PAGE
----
It was very interesting to read the links sent by Dr. Donat Agosti
Science Consultant Research Associate, American Museum of Natural History and Naturmuseum der Burgergemeinde Bern,concerning the signing of the 'Geneva Convention' on 6th July 2007. After reading, I could not help but put this into the context of the contribution that knowledge management could make to achieving the Geneva Convention goals.
Here are the links to the Global Compact declaration signed last week in Geneva. The GC is an initiative between the UN and the business world based on the hind sight, that it needs both for a better world.
"Some 4,000 organizations from 116 countries -- among them trade unions, non-governmental organizations (NGOs) and some 3,100 businesses -- have so far subscribed to the Global Compact, pledging to observe ten universal principles related to human rights, labour rights, the environment and the struggle against corruption.
The Geneva Declaration expresses the belief that “globalization, if rooted in universal principles, has the power to improve our world fundamentally -- delivering economic and social benefits to people, communities and markets everywhere”.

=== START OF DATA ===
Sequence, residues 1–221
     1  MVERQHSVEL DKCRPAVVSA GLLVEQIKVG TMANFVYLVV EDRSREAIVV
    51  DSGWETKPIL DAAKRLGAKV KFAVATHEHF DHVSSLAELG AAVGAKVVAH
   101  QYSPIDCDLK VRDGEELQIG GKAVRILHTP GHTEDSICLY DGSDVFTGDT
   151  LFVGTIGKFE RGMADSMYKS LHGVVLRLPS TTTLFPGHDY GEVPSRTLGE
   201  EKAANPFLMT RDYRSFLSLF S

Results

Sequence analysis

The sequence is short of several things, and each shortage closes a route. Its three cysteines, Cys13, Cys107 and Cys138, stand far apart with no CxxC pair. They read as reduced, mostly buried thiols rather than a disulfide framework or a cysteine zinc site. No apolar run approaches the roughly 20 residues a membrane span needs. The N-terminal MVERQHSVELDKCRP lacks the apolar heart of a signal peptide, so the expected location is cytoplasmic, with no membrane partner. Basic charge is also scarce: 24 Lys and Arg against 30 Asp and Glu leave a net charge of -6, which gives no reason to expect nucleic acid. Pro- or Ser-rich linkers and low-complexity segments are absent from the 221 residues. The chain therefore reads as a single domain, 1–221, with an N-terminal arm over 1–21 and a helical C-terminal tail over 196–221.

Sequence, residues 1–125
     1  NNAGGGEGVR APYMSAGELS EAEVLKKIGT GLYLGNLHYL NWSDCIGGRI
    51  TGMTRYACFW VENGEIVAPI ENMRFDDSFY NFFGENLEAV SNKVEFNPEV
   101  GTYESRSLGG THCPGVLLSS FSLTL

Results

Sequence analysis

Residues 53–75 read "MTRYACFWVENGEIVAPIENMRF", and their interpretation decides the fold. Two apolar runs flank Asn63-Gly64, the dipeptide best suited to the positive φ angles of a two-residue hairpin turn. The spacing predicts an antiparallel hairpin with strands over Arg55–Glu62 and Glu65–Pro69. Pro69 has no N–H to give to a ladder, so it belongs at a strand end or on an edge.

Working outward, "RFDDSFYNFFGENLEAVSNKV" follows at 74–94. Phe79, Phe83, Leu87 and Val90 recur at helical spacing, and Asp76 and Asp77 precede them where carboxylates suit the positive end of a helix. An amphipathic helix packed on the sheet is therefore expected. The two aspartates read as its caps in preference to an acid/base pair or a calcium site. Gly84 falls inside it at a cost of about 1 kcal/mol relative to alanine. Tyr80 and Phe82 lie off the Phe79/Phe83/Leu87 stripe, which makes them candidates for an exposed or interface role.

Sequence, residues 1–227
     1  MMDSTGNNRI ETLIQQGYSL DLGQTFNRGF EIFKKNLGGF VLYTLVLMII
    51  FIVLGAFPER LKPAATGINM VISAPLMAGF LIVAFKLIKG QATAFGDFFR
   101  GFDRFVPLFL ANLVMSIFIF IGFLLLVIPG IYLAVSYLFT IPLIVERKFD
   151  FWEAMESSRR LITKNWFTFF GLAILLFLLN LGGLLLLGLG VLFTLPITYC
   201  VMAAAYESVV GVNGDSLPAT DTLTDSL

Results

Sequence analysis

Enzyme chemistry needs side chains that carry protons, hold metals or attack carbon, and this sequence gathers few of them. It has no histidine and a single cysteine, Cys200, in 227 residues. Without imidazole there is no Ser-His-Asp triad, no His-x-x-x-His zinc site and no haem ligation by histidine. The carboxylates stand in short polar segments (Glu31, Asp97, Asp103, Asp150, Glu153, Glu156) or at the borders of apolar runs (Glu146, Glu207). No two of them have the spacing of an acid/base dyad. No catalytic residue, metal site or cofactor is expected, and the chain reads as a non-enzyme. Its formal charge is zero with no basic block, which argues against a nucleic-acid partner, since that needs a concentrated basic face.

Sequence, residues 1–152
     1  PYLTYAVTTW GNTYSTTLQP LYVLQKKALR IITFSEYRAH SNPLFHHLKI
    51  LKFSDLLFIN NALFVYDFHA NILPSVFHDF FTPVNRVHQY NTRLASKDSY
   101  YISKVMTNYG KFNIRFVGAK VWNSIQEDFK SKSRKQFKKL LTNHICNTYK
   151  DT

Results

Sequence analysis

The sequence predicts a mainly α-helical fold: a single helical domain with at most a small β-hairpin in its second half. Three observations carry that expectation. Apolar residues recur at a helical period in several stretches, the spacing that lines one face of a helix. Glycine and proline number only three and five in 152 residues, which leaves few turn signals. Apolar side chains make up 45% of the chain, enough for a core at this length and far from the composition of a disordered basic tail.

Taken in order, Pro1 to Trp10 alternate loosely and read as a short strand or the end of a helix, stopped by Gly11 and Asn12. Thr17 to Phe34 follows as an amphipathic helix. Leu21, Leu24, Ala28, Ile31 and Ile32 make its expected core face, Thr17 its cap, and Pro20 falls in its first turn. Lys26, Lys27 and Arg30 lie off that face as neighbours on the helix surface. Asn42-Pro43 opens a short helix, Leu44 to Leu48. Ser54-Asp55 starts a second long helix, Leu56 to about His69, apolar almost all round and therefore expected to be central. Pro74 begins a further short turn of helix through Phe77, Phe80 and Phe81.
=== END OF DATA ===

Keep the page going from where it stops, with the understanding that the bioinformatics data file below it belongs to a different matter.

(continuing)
The key theme that I resonated with throughout reading the Declaration, Principles and Actions was 'global sustainability'.
Surely the global knowledge economy, the development of more knowledge driven organisations, and knowledge workers, will make a huge difference to reducing the use of valuable natural resources, on the one hand, and transforming our cultures to more open and trust based on the other.
Traditional Business economies tend to be based on competition for scarce valuable natural and tangible resources, driven by scarcity and knowledge power politics. Sustainability in this economy, based on a scarcity mentality, is almost impossible.
Knowledge economies are based on cooperation and collaboration with unlimited valuable intangible resources, driven by abundance and knowledge sharing power politics. Businesses in this economy, based on abundance, are naturally sustainable.
We are firmly in the era of 'global' individuals, teams, organisations and communities, and I believe that these new knowledge driven entities will substantially contribute to bringing about a more naturally knowledge sharing global society.
I think that effective knowledge management, at the personal, team, organization and inter-organizational levels will make a significant contribution to all of this.
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